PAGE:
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Confused about mixed states

  1. Oct 3, 2012 #1
    I am confused about mixed quantum states, if the only observable states are pure eigenstates, since we have to measure to observe, what is the physical meaning of a mixed state?
  2. jcsd
  3. Oct 3, 2012 #2


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    Letting alone the ``measurement only on pure states'' issue: Mixed states are usually used in two situations: (i) to represent statistical ensembles, where we do not know the microscopic details of the involved states, and (ii) to represent open subsystems of larger quantum systems.

    On (i): Say you have an ideal gas with a given set of thermodynamic properties (N, T, V, etc). You will typically not be able or willing to write a pure state for the entire gas, because there are too many particles and the actual coordinates of the individual atoms/molecules do not really matter. In this case you can set up a ensemble state (which is a mixed state) which averages over all realizations of the macroscopic properties you have (e.g., N, T, V) under the side condition that you do not impose anything in the ensemble which you do not know (that is, take the ensemble which maximizes the (information-)Entropy of the ensemble). After doing that, you can derive all processes which only involve the thermodynamic quantities using the ensemble alone.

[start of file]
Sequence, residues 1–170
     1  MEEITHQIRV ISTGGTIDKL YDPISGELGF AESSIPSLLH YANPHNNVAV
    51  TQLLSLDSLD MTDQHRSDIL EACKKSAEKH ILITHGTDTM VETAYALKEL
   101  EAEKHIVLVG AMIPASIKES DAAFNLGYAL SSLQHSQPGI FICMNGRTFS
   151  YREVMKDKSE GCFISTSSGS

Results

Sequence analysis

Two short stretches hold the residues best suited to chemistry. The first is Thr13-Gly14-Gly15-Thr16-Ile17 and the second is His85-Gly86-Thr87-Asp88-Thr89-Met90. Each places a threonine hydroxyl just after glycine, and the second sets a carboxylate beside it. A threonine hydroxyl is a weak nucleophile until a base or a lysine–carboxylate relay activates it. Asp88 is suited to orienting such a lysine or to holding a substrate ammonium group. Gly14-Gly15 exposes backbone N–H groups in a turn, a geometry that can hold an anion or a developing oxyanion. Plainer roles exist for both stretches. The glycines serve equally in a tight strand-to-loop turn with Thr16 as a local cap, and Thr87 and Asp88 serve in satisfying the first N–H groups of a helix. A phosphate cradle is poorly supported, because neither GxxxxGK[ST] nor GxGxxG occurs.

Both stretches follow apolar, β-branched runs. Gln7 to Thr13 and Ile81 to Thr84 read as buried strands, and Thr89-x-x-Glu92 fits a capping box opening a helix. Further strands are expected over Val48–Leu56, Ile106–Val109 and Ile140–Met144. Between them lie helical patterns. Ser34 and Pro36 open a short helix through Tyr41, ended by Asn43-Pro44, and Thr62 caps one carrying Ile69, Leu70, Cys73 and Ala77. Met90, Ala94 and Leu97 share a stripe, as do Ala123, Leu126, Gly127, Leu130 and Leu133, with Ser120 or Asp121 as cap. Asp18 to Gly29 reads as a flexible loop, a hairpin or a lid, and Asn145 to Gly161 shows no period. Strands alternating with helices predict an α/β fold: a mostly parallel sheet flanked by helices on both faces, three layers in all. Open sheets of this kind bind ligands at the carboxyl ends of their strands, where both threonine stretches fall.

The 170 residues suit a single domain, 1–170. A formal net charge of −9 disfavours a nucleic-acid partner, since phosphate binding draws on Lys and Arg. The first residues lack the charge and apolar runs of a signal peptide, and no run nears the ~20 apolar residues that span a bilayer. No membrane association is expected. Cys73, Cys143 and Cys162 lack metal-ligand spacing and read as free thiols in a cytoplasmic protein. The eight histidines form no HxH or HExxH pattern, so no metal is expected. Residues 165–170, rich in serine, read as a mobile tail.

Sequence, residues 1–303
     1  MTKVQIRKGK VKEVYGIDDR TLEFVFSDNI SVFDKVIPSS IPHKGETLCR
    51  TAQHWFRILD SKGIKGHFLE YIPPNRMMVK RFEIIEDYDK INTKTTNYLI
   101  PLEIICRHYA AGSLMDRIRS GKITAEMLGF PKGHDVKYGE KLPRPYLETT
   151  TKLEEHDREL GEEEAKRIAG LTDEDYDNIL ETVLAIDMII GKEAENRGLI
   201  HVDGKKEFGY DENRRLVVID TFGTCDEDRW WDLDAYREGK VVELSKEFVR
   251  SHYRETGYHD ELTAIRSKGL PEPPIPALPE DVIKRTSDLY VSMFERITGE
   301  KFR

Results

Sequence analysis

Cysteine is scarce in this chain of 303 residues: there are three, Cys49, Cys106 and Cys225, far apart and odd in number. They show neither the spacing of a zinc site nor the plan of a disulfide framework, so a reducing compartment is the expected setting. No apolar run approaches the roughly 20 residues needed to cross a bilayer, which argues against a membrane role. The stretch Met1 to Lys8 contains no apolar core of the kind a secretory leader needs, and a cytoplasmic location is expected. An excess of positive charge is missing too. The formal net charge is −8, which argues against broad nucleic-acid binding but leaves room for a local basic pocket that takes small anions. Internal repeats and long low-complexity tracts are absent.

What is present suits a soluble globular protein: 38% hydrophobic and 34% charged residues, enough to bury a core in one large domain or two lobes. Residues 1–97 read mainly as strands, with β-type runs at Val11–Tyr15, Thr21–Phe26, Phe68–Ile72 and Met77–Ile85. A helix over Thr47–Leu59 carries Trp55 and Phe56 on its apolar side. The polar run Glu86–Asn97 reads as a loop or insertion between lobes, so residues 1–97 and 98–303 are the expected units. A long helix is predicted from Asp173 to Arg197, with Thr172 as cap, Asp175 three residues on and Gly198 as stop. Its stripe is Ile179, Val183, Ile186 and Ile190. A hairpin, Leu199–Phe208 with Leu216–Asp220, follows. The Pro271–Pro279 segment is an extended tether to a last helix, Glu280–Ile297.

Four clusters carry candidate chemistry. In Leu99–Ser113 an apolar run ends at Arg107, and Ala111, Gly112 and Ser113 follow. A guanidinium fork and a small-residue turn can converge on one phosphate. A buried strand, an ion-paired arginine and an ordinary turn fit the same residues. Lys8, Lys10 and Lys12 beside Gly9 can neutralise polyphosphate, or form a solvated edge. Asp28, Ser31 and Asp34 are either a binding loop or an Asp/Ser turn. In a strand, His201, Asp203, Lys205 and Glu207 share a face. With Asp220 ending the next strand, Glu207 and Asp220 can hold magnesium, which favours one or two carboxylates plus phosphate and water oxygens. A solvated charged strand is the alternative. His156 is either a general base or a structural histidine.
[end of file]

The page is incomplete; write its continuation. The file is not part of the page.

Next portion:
(ii) If you are only interested in a sub-system of a larger system, then you can trace out the environment degrees of freedom and obtain an embedded subsystem, involving only the degrees of freedom you are interested in. This embedded subsystem will normally *not* be in a pure state, even if the full system it is created from (by reduction) was in a pure state.
  4. Oct 3, 2012 #3
    Think of a beam of atoms coming from an oven. Their spin is unpolarized, meaning there is a 50-50 chance of getting spin up or spin down in any direction for a set of measurements performed on a set of atoms.

    Could you construct a state vector with the afforementioned property?
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